The World Health Organization said it had failed to contain Ebola, while U.S. lawmakers in Washington, D.C., called this week for the resignation of Tom Frienden, director of the Centers for Disease Control and Prevention, as health officials examined a handful of new potential cases. It is clearly a bad time to be a government leader fighting Ebola, and yet the Obama administration and United Nations' leaders might find solace in one truth: At least they are not Europe.
The Ebola outbreak that has ravaged West Africa and spread to Europe and the United States has left the fractious European Union scrambling to come up with a contingency plan. Leaders can't agree on border screening policies or travels bans. Even Europe's unwillingness to fight Ebola at its source in West Africa has drawn criticism from health care workers. While the U.S. has pledged to send 3,000 military troops to the outbreak's epicenter in Guinea, Liberia and Sierra Leone, Europe has done little to keep the virus from spreading beyond those borders, according to critics.
Europe is “more concerned about its border controls rather than what it should be doing to contain the spread of the disease in West Africa,” Natalia Alonso, Oxfam’s deputy director of advocacy and campaigns, said in a statement Thursday. “Europe needs to get serious by deploying more medical staff and equipment as well as military personnel in the next two weeks. Otherwise, the EU will miss a very narrow window of opportunity to halt this epidemic.”
Claus Sørensen, director-general of the EU’s Humanitarian Aid and Civil Protection agency, said that European nations, as well as many around the world, have been “behind the curve.”
It's not that Europe is ignoring the Ebola crisis; the continent just isn't doing enough, world leaders said. The European Union has pledged $226 million, and individual member states are providing their own range of support. European Union health ministers Thursday called for an immediate review of screening for Ebola at some West African airports after a plane in Madrid was temporarily isolated over a suspected Ebola case. That same day, Spanish authorities reported four new patients with suspected Ebola symptoms, including a Spanish priest who had traveled to Liberia and a passenger who became ill while on an Air France flight from Lagos to Paris, according to the Independent.
“What we really need is people," Britains's foreign secretary Philip Hammond told the Christian Science Monitor. "Specifically: doctors, nurses, and medical staff to man the six-week shifts involved in running field hospitals."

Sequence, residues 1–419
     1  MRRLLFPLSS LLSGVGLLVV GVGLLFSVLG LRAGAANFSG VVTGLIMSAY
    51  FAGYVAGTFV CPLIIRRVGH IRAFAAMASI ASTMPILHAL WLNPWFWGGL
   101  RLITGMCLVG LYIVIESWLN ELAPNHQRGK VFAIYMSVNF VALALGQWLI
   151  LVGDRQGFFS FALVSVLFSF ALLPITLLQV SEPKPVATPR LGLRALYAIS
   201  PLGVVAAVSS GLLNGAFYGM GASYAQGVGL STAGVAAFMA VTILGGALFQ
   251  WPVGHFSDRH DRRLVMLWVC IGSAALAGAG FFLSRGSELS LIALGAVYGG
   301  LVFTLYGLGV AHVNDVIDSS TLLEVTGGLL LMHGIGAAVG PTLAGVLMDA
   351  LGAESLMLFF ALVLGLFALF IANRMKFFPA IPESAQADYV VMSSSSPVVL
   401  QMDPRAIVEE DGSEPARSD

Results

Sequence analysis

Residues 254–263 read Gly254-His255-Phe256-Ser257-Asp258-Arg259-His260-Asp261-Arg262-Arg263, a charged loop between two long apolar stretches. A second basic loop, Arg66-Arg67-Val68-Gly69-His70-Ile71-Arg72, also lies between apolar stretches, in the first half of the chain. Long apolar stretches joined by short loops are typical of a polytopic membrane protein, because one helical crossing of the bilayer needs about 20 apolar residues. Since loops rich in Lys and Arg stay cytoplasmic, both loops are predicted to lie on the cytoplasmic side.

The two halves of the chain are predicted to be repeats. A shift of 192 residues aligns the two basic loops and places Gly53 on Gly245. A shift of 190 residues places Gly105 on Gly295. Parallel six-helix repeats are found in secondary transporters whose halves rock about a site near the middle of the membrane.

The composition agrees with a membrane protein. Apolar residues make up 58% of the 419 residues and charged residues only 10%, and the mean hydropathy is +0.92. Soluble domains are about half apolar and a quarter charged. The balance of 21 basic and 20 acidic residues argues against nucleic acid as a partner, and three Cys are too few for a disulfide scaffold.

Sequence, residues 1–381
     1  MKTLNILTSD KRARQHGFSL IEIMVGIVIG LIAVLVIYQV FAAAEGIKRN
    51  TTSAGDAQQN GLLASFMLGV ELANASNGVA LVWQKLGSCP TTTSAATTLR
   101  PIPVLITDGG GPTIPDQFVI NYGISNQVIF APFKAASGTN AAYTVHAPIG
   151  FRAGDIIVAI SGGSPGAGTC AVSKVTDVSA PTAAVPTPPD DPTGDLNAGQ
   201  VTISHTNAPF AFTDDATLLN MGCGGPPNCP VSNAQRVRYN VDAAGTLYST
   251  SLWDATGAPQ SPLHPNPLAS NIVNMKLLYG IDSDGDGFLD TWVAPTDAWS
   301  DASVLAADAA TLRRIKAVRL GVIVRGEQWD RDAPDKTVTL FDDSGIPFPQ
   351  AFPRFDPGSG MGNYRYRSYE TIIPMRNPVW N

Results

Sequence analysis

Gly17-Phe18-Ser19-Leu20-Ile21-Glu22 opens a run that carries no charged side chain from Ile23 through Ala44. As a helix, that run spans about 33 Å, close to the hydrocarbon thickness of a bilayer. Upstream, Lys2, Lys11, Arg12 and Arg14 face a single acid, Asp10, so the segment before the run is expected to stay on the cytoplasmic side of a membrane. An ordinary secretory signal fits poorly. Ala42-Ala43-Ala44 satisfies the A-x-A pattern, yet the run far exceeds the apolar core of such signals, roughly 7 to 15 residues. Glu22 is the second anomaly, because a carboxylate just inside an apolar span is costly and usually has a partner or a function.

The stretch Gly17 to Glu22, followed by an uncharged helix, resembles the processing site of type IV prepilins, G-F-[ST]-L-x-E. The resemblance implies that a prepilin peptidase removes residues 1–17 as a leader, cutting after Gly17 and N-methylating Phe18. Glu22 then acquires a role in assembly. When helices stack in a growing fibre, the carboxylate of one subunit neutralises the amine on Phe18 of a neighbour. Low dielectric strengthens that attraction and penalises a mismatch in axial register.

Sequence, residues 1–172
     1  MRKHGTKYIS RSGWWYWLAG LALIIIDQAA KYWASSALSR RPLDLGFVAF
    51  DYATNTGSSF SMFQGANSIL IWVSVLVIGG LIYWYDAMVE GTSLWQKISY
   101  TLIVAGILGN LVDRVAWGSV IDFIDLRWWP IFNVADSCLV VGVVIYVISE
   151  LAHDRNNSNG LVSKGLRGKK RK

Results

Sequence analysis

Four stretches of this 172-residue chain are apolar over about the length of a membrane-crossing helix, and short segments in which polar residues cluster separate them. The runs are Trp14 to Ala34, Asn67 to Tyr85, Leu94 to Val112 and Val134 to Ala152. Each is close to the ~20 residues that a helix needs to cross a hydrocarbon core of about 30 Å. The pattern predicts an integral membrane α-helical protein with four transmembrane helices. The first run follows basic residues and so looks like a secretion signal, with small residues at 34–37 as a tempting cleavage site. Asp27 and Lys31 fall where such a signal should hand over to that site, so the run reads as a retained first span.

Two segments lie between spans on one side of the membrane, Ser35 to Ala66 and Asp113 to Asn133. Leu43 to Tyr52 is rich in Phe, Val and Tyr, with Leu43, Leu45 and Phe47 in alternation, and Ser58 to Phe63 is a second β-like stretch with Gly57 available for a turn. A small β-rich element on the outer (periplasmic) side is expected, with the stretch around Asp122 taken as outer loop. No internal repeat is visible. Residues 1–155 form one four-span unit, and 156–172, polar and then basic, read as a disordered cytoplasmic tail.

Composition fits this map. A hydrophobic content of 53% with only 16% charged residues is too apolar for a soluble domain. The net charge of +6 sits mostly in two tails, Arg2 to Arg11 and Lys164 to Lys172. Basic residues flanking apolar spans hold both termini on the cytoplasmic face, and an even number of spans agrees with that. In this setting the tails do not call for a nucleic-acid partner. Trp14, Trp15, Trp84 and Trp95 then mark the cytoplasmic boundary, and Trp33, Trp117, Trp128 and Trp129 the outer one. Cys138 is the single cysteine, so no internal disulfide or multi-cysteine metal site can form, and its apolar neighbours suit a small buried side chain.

President Barack Obama has urged European leaders to take further action to stop Ebola. He telephoned his counterparts in Britain, France, Germany and Italy this week “to make sure that we are coordinating our efforts and that we are putting in a lot more resources than, so far at least, the international community has put into this process,” he said.
“This is not simply charity,” he said. “Probably the single most important thing that we can do to prevent a more serious Ebola outbreak in this country is making sure that we get what is a raging epidemic right now in West Africa under control.”
EU health ministers gathered in Brussels Thursday to form a plan against the outbreak but couldn't reach an agreement on ordering screening for the highly infectious disease in every country. Instead, they agreed to increase coordination between the 28-member states by providing information and questionnaires for passengers traveling from affected areas.
France will start Ebola screenings Saturday at Paris Charles de Gaulle Airport, only the second EU nation to do so, follwing the United Kingdom. The U.S. began similar airport screenings last week. British Prime Minister David Cameron called this week for more Ebola screening within other European countries, saying they "must do more" to stop the deadly outbreak, according to BBC News.
There have been at least 10 evacuations of Ebola-infected patients from Africa to Europe, eight of those within the European Union in recent months. The World Health Organization counts eight confirmed cases of Ebola in Europe, including several cases in Germany and Netherlands. There have also been at least a dozen potential Ebola cases across Europe.
"If protocols are being followed, it's highly unlikely that an outbreak could happen in the EU. But again, zero risk doesn't exist, particularly in a hospital, where staff deal with sick people," European Commission spokesman Frederic Vincent told CNN.
Spain began monitoring dozens of people for Ebola after a nurse's assistant became the first person known to have contracted the highly contagious virus outside Africa in the current outbreak. Two Spanish missionaries who were brought back to Madrid for treatment after contracting Ebola in West Africa both died of the illness.
"Ebola is not a problem of Spain. It is not a problem of the United States," said Antonio Andreu, director of the Carlos III Hospital in Madrid. "It's a global problem."
There have been about 9,000 cases of Ebola and 4,493 deaths since the outbreak started in March.